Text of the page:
Review | Songlines

A Guide to the Birdsong of Mexico, Central America and the Caribbean

Rating: ★★★

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Album and Artist Details




Shika Shika


From Radio 4's Tweet of the Day to Sam Lee's nocturna nightingale sessions, ornithology has gone mainstream. Sadly, the renewed interest derives from the destruction of habitats and the demise of many species around the world. Latin America, together with the islands of the Caribbean Sea, constitute a twitcher's nirvana, home to thousands of species, many of them colourful and eccentric (the bright orange Andean cock-of-the-rock) or big and beautiful (the roseate spoonbill). This fundraising album (monies raised will support three bird-related projects) features ten tracks and ten birds, from eight countries, including Belize's black catbird, Mexico's yellow-headed amazon and the Jamaican blackbird. Species were chosen because they are endangered, rather than for their sweet songs, but all provide intriguing samples around which fine bands such as the Garifuna Collective, Siete Catorc and Time Cow build cool, looping electronic soundscapes. Conceived by Shika Shika label co-founder and former Greenpeace campaigner, Robin Perkins (aka El Búho or ‘The Owl’), this is a follow-up to a widely praised 2015 South American birdsong compilation.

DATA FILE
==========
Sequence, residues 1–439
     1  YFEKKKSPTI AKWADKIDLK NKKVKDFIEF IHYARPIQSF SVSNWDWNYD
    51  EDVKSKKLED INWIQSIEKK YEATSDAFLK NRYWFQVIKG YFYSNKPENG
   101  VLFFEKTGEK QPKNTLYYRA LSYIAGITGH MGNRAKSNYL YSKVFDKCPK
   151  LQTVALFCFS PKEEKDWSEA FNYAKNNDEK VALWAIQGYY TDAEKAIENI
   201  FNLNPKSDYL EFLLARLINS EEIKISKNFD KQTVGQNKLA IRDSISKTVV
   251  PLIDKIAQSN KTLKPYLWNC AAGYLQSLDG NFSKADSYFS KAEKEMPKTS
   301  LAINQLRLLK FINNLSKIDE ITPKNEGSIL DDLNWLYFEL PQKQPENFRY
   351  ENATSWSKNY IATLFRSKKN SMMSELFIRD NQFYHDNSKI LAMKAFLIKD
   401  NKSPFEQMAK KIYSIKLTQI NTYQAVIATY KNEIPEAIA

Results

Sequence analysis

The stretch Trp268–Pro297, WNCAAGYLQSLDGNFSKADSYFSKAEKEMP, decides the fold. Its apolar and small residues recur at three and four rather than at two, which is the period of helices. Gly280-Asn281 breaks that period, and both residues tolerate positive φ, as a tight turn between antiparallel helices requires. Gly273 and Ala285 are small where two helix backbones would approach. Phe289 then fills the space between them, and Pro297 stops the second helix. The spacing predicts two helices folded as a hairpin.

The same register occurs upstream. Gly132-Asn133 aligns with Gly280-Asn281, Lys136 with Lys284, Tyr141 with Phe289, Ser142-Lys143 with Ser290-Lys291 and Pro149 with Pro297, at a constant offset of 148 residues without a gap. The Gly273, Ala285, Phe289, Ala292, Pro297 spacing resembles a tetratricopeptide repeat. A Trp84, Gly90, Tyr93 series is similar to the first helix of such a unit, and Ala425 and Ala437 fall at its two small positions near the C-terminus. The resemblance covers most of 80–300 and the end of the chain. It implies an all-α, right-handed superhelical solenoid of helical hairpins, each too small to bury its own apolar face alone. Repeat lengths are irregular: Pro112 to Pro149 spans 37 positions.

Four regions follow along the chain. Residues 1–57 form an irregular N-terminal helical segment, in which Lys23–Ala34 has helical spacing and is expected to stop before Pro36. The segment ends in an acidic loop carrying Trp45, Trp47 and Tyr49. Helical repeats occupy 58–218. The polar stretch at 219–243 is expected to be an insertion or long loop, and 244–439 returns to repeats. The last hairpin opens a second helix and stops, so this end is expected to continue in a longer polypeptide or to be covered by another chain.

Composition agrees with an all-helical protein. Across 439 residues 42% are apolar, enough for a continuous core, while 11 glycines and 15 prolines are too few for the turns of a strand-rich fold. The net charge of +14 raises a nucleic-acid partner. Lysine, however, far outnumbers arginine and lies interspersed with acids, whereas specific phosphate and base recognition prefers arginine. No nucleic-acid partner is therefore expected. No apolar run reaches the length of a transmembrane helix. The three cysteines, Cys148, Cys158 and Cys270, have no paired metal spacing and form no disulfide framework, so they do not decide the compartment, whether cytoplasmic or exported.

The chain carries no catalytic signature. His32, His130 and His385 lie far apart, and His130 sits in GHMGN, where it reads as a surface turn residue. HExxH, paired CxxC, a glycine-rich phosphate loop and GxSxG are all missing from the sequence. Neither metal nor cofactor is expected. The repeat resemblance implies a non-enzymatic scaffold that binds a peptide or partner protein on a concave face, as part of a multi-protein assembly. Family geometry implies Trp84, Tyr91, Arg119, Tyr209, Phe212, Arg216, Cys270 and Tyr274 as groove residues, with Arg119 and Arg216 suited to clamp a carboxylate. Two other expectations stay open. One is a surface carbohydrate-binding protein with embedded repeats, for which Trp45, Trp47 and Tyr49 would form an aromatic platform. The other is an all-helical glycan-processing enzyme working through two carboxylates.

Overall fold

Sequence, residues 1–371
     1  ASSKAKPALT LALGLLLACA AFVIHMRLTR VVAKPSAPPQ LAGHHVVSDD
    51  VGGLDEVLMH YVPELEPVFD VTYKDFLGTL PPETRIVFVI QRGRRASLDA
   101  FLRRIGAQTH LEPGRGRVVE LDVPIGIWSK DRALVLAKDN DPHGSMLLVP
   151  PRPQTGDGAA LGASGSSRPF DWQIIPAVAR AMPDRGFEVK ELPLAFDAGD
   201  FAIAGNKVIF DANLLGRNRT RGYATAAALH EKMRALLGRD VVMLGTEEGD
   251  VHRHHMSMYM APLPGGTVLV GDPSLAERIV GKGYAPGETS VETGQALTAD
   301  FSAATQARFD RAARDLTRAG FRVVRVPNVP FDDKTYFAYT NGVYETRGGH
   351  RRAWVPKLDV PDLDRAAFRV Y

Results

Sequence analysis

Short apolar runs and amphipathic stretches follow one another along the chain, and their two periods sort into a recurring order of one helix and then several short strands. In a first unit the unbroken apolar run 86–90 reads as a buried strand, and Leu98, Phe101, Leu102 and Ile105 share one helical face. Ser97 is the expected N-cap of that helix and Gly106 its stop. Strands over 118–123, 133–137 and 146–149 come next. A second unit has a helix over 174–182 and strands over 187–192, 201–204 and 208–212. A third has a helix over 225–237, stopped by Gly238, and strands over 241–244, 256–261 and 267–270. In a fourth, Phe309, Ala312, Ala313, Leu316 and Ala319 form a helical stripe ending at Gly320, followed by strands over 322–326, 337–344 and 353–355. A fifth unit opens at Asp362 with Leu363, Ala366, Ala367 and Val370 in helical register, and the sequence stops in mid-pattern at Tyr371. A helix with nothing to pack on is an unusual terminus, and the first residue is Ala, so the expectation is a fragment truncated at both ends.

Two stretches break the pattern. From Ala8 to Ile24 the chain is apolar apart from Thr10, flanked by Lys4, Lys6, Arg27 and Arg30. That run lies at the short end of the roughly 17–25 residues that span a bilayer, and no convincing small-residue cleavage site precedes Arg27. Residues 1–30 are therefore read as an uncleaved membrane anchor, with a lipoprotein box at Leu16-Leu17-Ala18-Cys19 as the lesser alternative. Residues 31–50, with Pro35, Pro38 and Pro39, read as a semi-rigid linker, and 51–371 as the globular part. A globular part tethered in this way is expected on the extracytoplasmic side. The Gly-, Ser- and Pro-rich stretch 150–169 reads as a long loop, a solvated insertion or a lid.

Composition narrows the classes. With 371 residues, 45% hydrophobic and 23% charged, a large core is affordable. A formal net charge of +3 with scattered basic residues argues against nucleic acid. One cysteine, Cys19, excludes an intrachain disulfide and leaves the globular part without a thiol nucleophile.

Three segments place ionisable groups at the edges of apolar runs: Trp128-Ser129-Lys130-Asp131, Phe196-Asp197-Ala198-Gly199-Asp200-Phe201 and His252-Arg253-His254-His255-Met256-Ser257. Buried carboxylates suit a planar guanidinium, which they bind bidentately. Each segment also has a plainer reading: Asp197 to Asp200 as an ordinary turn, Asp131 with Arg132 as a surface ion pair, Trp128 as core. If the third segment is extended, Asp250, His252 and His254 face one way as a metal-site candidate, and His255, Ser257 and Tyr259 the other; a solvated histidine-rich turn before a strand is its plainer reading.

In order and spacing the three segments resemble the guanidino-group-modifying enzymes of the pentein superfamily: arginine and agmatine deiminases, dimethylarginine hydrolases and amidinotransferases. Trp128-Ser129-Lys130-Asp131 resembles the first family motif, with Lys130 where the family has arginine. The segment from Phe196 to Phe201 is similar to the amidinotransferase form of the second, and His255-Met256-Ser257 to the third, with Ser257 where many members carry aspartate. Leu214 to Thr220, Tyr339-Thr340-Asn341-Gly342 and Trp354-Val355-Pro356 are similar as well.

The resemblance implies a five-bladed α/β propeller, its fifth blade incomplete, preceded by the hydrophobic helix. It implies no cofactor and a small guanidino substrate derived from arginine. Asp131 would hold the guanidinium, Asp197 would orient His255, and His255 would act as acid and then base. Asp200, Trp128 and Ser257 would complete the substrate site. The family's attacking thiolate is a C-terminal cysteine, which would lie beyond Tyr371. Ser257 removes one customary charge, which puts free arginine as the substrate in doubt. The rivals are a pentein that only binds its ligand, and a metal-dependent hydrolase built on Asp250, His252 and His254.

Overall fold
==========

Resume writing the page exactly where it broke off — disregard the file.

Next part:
The album's PR puff chucks around terms like ‘psychedelic chicha’ and ‘glitchy folktronica’ to describe the fusion of tech and tradition, but, neologisms aside, this is more than mere lounge music; somehow, whether it's Ximena Obregón's vocals on the track supplied by Maracuya of the Dominican Republic or Guatemalan Di Laif's pulsating percussion, these songs reach down to the roots as well as up high to the canopy. An entrancing, trippy flight into new Latin and Caribbean music and, also, a more than worthy cause.

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